If you can find something that makes you feel good, and take the time for yourself to do it, maybe an activity that involves other people, that is a start. 

warmly,

Kali



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kazi67

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Reply with quote  #12 
Hey Meadow
I'm only new here and so glad I found this site
I felt very lonely scared worried isolated and exhausted
Thank goodness for all the brave mummas who post on this site and help everyone to feel less of the above
How can anyone understand who hasn't been through this? I know I didn't
Reading everyone else's posts has really helped me and my daughter
We met with the "specialists" for assesment today and they said we have done an "incredible" job [smile]
So I thank everyone so much for answering my posts you are all AMAZING!!!
as I had no idea what to do, followed my gut and advise from you all
xxxx
EC_Mom

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Reply with quote  #13 
Definitely isolating and lonely. I'd love a parent-survivor network to meet up with locally--of people who have done it like most of us do here, not analyzing "deep causes" and "needing control" but just the hard work of refeeding.
BattyMatty_UK

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Reply with quote  #14 
EC-Mom, that sounds a really good idea. Swapping experiences about what worked for us re. refeeding. I guess we all have different tales to tell and what worked for one person may not work for another and all of that. Plus support i.e. just being with someone else who 'gets' what it's like to have been a parent going through this hell. And also what it's like to be a parent who's come through it successfully.
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Bev Mattocks, mother of 23-year old male DX with RAN 2009, now recovered. Joined this forum in 2010 - it was a lifesaver.
mjkz

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Reply with quote  #15 
Incredibly.  The worst part is that all the understanding (if you did get it in the beginning) disappears once your loved one looks normal again.  Few realize that getting them weight restored is on the first leg of this battle.  You still have years of dysfunction to deal with and everyone thinks everything is back to normal.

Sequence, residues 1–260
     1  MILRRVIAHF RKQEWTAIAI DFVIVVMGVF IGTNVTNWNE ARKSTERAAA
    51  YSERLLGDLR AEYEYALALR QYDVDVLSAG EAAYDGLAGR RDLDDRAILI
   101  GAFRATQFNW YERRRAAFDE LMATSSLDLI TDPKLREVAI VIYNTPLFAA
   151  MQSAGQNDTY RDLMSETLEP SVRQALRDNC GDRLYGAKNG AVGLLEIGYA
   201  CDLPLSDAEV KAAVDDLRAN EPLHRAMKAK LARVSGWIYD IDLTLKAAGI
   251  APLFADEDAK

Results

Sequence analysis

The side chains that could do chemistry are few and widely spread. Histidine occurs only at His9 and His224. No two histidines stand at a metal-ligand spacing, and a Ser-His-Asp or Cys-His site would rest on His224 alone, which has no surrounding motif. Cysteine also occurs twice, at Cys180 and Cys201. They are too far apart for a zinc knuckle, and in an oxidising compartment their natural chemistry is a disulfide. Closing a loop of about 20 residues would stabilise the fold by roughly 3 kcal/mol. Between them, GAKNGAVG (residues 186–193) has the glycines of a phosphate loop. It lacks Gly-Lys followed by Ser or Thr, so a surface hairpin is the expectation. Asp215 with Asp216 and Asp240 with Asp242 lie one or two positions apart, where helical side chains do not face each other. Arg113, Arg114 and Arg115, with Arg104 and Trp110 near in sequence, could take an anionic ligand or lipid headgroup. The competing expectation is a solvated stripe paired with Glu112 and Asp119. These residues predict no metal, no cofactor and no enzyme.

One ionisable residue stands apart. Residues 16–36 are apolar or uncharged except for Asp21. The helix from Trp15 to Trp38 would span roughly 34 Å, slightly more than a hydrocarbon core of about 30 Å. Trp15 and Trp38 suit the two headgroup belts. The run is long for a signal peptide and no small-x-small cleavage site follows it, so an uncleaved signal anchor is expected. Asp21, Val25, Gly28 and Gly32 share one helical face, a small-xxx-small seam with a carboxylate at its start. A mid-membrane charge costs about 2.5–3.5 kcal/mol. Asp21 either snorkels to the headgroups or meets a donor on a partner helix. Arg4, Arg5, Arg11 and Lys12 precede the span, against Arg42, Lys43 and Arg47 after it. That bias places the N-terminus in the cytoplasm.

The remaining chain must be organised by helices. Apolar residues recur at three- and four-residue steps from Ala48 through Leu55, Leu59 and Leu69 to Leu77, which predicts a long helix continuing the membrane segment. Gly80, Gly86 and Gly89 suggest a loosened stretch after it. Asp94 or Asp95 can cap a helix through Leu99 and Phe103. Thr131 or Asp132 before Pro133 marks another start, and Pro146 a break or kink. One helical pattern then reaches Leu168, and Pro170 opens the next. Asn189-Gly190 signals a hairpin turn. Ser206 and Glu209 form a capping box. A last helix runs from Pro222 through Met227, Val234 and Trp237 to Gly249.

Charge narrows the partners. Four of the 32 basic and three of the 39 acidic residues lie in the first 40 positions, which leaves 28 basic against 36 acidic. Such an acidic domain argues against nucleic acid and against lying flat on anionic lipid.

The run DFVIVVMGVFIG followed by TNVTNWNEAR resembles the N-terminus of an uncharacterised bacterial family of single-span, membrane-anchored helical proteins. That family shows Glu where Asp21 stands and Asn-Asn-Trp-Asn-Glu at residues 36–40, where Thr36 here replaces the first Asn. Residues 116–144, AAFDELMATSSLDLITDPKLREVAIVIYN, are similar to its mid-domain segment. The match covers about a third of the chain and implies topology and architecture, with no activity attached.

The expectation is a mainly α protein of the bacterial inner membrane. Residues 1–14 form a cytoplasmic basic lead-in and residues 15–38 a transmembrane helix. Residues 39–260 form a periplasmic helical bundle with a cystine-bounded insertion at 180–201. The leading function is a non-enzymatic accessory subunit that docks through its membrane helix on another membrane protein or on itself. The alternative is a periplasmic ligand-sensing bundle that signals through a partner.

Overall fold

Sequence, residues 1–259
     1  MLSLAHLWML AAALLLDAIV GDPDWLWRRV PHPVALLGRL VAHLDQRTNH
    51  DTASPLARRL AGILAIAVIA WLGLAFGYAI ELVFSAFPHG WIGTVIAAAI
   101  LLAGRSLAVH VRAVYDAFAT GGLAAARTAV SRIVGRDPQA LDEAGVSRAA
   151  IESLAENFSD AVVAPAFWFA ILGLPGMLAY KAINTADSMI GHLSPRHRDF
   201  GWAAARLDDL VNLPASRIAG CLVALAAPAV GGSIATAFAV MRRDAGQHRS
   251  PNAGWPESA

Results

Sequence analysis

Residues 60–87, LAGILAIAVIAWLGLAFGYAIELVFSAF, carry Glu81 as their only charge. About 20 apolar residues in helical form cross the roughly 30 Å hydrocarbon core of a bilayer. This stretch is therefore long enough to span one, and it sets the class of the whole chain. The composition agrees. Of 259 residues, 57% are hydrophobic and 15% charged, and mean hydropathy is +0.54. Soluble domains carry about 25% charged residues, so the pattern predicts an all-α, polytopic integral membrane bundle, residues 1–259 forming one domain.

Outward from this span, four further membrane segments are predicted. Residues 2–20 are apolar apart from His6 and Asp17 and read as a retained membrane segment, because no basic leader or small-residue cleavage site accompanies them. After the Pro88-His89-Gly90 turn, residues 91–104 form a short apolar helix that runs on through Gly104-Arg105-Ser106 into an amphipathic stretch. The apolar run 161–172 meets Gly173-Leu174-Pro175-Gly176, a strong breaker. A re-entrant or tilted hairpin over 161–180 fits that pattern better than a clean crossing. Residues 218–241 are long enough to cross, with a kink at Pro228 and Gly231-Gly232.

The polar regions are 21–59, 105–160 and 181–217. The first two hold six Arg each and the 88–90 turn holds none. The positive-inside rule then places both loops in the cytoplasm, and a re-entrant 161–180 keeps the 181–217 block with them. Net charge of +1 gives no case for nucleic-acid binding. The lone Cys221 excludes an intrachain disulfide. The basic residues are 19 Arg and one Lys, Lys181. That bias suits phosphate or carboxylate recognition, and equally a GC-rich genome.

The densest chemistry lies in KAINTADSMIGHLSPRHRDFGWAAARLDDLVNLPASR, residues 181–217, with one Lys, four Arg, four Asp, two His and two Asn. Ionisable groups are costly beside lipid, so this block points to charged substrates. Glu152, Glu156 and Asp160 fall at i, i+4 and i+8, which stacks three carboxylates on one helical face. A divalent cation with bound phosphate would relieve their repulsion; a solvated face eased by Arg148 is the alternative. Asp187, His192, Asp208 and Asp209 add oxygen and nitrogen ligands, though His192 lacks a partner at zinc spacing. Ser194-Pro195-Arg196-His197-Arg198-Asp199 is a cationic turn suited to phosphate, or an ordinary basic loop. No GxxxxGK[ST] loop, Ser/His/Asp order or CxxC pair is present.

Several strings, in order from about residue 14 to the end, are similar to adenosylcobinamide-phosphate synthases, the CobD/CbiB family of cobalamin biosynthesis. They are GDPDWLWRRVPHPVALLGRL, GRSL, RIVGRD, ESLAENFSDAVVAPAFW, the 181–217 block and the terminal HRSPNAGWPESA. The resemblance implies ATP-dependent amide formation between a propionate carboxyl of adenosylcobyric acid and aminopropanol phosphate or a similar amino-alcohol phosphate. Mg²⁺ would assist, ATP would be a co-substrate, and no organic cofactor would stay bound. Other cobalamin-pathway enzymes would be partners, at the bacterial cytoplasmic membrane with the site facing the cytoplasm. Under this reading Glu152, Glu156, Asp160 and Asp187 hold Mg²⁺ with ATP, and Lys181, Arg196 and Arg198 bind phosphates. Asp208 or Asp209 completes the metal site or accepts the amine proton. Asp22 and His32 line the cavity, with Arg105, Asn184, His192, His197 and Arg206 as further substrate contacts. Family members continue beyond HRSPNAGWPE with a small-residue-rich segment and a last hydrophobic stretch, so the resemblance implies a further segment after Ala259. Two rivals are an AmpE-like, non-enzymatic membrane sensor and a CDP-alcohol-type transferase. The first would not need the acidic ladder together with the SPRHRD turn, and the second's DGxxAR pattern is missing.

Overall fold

meadow

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Reply with quote  #16 

Hi lovely people. Thanks so much for the replies - I said it above, but it really is reassuring (whilst depressing) to realise that so many other people have experienced exactly the same.  

The timing of D's illness was just so awful with being brand new in a big city (maybe it was related to the move), but I remind myself that it's still early days and that anorexia just makes you put life on hold.

BattyMatty, I'm reluctant to post where I live on here because I work for the same CAMHS service that we're receiving treatment from and it feels a good idea to remain fairly anonymous. I'm much more relaxed on the Facebook groups as they're closed.  However, I don't mind saying it's a city in the South West of England[smile]

For similar reasons I've avoided looking into local support groups, because the families could be getting treatment from someone I sit next to at work!   However, the comments on this thread have really spurred me on to  find ways to link up with some others who really get what eating disorders are about.  I've met one wonderful lady from this forum. 

Great idea EC-Mom. 

Kazi, so pleased you're making such good progress.  Our CAMHS team have been lovely and very supportive and given us their best, but if it wasn't for this forum we wouldn't have known HOW to actually get our daughter to eat.